Who was your most inspirational teacher?

Adrian Shaughnessy

‘I didn’t go to art school. Instead, I was taught on the job by a group of older designers in the studio that bravely hired me on the strength of a few weedy drawings. Yet these designers were inspirational in an unexpected way. It wasn’t their job to instruct me, but when I asked for help, they gave it to me. Only thing was, I never felt I could bother them a second time, which meant that I was forced to work most things out for myself; and that’s the best way to learn anything.’

Adrian Shaughnessy, designer, writer and RCA senior tutor

David Dalziel

‘In 1974 I started a foundation course at the Glasgow School of Art. In my second year I specialised in 3D Design, and by third year there were just three of us specialising in Furniture. Two weeks into that course our tutor, Bob Shaw, told us he had taught us all he knew and that we were on our own for the final two years. On the day we thought Bob was a joke, how could he dare to drop us like this after convincing us to take this path?! It turns out Bob was right, we left that room and never looked back. We felt like we had done it all ourselves, but that obviously wasn’t the case. Scholarships, bursaries, prizes and medals followed, thanks in no small part to the freedom offered by Bob. Thanks Bob.’

David Dalziel, group creative director, Dalziel & Pow

Sarah Hyndman

‘I had two most-inspirational teachers. The first was the enthusiastic Mrs Lopez-Réal who, when I was 14, took time to understand what would make learning French enjoyable for me. She made it fun by teaching us conversation, slang and swear-words. The school predicted I would fail, but thanks to her I ended up with an A. The second was the formal Mrs Howe, who surprised us when she taught us how to gamble, to show us how maths could work in the real world. Again it worked. The power a teacher has to inspire or discourage has stuck with me. One of the things I do as a result is to encourage people to draw by initiating projects that are inclusive and fun (such as random-project.co.uk). Standing with somebody looking at their work in an exhibition and hearing, “This is the first time I’ve drawn since I was told I couldn’t at school,” is a gratifying moment.’

Sarah Hyndman, creative director, With Relish

Michael Smith

‘I wasn’t mature enough to realise that teachers were there to help. I’d muddled through and done what I was told until a particularly unpleasant biology teacher shouted at me and I thought, “you’ve got no real authority, you don’t command my respect, why should I listen to you?” Their spell was broken. I was 16. I left school and got a government-sponsored placement at an ad agency. Five years later (four at art college) I started Cog Design. That was two decades ago; I’m now a little more mature and a tiny bit grateful to that teacher.’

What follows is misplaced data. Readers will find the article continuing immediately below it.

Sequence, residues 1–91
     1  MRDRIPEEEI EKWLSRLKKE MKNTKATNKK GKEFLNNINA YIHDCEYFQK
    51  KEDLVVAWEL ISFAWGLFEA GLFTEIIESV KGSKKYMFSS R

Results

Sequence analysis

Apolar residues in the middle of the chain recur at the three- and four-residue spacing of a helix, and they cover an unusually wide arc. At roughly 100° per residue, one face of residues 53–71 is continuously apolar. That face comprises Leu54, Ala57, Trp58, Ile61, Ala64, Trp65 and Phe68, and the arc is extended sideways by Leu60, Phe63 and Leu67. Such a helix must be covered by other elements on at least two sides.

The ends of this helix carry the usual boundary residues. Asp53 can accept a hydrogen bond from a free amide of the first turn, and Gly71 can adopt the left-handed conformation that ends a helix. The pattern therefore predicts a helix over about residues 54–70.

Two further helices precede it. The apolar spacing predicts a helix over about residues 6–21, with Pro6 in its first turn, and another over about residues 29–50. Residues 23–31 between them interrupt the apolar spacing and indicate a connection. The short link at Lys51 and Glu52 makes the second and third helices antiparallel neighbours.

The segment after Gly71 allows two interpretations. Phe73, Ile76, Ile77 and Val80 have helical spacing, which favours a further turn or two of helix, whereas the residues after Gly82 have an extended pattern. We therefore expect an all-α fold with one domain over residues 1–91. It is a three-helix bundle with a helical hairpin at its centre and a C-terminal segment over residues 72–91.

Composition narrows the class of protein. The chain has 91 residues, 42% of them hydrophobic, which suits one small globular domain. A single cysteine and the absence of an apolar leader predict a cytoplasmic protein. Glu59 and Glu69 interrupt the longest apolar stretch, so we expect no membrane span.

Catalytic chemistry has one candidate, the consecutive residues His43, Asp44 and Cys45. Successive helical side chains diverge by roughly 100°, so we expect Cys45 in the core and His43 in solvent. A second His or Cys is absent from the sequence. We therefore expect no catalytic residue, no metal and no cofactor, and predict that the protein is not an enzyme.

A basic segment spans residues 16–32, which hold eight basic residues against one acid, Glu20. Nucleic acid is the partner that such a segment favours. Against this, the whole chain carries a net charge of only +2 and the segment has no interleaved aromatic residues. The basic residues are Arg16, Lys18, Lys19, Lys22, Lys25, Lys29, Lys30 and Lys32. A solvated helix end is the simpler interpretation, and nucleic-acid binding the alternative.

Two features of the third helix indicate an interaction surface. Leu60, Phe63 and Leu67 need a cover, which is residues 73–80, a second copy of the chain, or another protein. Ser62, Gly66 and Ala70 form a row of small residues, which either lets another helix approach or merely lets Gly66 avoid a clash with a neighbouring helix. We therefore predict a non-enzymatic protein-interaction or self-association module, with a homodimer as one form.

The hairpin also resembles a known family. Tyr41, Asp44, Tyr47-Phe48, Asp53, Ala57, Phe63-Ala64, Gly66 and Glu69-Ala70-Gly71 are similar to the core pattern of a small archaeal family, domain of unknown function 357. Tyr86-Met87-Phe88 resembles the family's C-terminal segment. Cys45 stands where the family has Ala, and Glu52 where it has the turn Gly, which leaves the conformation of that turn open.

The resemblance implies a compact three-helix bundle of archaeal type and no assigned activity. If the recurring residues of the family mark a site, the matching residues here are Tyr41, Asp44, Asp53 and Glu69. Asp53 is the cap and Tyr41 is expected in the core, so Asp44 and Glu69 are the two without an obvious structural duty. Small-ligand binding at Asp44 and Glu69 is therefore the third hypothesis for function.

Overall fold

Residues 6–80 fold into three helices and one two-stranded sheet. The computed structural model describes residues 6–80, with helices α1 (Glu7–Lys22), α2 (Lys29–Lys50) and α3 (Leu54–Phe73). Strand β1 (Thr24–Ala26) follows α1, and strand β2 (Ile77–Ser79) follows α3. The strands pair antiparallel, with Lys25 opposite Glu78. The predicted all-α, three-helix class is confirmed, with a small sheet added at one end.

Michael Smith, director, Cog Design

Ross Shaw

‘My most inspirational teacher was George C. Grey, who taught me at the University of Northumbria. George was an ex-compositor who opened my eyes to the creative potential of letterpress and who would pick me up on all the finer details of typography. I was really inspired by his craftsmanship and knowledge. I guess it rubbed off on me as I now own a press and several tons of type with another ex-Northumbria graduate, as well as assisting and teaching with my new mentor, Alan Kitching.’

Ross Shaw, design director, Roundel

James Backhurst

‘There are teachers and then there are Jedi masters. I was the apprentice of a truly great master. I was schooled in the art of changing perceptions, the persuasive power of a single word or image. I learnt how to distill the most complex problems down to a single point of clarity. I learnt that design was all about “mind over matter”. Here’s to a true Jedi Master. My creative director at Elmwood, Mike(Uncle)Owen.’

James Backhurst, creative partner, The Allotment

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  • Lydia Thornley November 30, -0001 at 12:00 am

    A round of applause in my studio for: my late father, also a designer, who let me tag along; my art teacher Miss Kennedy who understood why I liked type; Chris Alexander at Canterbury, who taught me how to draw; maverick design tutor Ned Sherring and the best boss I ever worked for, David Hillman, who taught me the bravery to say no when “no” is the thing a client should hear.

  • Phil Ainley November 30, -0001 at 12:00 am

    I was really lucky to have a team of great Design Tutors at Hopwood Hall College in the early nineties: Bernard Cullen, Tracey Moult, Alan Green and Malcolm Bradley made those 2 years of BTEC study the most enjoyable of my academic years… but the best teacher was my old art teacher called Ian Clegg. An uncompromising character with a slightly eccentric streak but he was great fun. I still have tremendous respect for all of thse guys when I think back.

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